The Uber Files: the drivers (part 3) – podcast | New

For Abdurzak Hadi, Uber’s launch in London in 2014 was a time of excitement. The US startup has talked about empowering drivers to work the hours they choose and earn big bucks doing it. Hadi quit his job as a clerk at a minicab company and embarked on a new life in the gig economy.

It quickly turned sour. Uber slashed prices, and as hundreds of new drivers entered the market, wait times for rides got longer and longer. Then Uber increased the commission charged to drivers from 20% to 25%. Today, Hadi tells Michael Safi, he estimates that it takes him 14 hours to do what he did in just five hours at first.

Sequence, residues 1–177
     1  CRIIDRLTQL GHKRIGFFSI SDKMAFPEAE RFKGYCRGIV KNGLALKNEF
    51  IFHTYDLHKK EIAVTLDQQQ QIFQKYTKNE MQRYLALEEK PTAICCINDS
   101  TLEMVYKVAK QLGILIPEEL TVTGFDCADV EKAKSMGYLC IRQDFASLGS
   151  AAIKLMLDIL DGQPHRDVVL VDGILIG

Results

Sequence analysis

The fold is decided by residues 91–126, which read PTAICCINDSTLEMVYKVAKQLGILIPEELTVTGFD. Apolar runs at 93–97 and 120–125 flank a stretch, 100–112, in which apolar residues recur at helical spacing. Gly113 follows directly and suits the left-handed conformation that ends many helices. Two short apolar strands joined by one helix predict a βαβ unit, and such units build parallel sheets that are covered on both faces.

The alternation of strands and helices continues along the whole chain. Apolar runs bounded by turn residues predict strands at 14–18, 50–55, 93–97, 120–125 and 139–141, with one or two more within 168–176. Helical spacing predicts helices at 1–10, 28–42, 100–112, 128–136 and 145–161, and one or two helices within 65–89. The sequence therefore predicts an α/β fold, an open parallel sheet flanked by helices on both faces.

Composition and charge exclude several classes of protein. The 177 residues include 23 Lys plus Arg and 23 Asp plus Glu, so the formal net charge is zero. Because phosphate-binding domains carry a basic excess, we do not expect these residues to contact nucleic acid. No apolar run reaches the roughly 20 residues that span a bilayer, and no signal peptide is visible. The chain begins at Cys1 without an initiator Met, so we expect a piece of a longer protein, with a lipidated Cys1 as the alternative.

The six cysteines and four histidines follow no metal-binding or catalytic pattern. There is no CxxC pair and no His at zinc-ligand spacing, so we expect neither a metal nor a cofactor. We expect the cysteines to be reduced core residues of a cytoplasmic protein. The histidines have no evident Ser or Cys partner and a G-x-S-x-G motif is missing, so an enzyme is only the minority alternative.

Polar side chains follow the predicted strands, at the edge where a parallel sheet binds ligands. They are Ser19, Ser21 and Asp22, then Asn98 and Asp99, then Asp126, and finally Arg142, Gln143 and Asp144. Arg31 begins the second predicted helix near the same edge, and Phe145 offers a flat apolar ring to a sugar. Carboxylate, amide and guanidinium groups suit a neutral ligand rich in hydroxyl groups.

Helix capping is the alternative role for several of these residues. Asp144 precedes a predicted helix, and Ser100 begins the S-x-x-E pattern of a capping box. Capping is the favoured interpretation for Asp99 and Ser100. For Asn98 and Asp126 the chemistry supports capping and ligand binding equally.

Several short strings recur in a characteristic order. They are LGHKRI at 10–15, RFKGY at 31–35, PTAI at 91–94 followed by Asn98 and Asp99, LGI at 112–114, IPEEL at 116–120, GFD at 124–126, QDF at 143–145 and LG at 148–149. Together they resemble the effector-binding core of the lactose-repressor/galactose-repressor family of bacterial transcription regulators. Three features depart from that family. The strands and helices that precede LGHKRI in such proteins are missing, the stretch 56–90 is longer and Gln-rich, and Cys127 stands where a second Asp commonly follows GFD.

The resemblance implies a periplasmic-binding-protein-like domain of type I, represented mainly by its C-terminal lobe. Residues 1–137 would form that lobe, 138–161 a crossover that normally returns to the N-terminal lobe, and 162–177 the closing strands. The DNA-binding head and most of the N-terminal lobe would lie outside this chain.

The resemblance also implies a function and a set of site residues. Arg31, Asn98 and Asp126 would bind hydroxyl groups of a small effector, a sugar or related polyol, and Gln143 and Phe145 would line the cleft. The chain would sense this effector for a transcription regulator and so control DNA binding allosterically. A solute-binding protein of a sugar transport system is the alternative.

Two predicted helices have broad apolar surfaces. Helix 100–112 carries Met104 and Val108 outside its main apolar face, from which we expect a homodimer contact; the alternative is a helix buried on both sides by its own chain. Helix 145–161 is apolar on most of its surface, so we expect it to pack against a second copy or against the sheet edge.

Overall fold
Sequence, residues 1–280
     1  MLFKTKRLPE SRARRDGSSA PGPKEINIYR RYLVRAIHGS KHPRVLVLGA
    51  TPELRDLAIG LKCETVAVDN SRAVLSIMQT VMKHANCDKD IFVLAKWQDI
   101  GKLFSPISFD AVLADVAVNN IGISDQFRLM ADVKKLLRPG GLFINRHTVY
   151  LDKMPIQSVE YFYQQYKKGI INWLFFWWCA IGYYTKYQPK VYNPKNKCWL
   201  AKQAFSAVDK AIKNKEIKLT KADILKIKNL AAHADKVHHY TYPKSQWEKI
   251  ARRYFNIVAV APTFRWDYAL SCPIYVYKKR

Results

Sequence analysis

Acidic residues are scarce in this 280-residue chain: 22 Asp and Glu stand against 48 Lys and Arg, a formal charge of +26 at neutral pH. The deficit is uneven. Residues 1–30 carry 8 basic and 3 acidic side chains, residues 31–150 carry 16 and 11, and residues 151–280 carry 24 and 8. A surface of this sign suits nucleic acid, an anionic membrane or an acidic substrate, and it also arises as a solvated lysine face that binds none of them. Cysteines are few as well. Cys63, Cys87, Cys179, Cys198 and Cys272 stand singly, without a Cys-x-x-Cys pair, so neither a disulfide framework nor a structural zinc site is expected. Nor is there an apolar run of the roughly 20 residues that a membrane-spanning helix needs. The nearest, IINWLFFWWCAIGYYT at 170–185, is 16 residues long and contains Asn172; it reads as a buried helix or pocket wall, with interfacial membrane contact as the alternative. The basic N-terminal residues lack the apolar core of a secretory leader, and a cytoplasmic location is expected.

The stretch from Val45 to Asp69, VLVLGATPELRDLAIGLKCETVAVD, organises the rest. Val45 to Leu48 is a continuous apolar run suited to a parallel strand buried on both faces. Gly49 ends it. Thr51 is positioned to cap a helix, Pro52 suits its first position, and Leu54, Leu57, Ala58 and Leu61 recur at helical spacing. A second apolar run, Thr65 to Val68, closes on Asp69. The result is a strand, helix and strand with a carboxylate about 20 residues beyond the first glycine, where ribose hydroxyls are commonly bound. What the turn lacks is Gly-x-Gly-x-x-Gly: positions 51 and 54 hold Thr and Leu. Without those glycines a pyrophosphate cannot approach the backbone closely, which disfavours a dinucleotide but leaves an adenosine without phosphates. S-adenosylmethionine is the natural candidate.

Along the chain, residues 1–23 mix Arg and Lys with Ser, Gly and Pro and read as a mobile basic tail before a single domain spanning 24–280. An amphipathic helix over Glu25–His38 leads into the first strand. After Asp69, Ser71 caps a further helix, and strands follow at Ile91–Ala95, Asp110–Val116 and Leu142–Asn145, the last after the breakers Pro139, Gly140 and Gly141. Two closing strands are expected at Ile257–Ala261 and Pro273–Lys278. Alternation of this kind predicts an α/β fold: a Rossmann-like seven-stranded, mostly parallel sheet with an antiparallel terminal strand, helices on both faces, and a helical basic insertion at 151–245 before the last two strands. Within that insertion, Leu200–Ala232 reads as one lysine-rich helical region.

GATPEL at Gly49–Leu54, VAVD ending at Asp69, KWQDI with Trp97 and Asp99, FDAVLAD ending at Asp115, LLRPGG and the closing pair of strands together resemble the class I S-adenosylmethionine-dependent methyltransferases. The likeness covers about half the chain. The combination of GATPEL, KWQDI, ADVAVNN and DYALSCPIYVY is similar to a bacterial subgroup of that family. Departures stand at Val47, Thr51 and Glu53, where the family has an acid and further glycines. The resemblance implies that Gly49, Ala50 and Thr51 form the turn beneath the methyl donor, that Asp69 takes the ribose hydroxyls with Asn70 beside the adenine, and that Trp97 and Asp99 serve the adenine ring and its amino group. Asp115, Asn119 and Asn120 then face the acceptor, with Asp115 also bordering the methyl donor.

In the third and final part of this week’s series of episodes on the Uber files, we look at how the rise of the American company has led to ongoing battles over workers’ rights. In London, Hadi was among the pilots who fought back, with some success.

Uber argues that its drivers are earning more than ever and that the combination of higher incomes, new protections such as paid leave and union recognition in the UK has led to more than 10,000 new drivers to join the company in recent months.

Composition: Guardian Design/Kevin Jones

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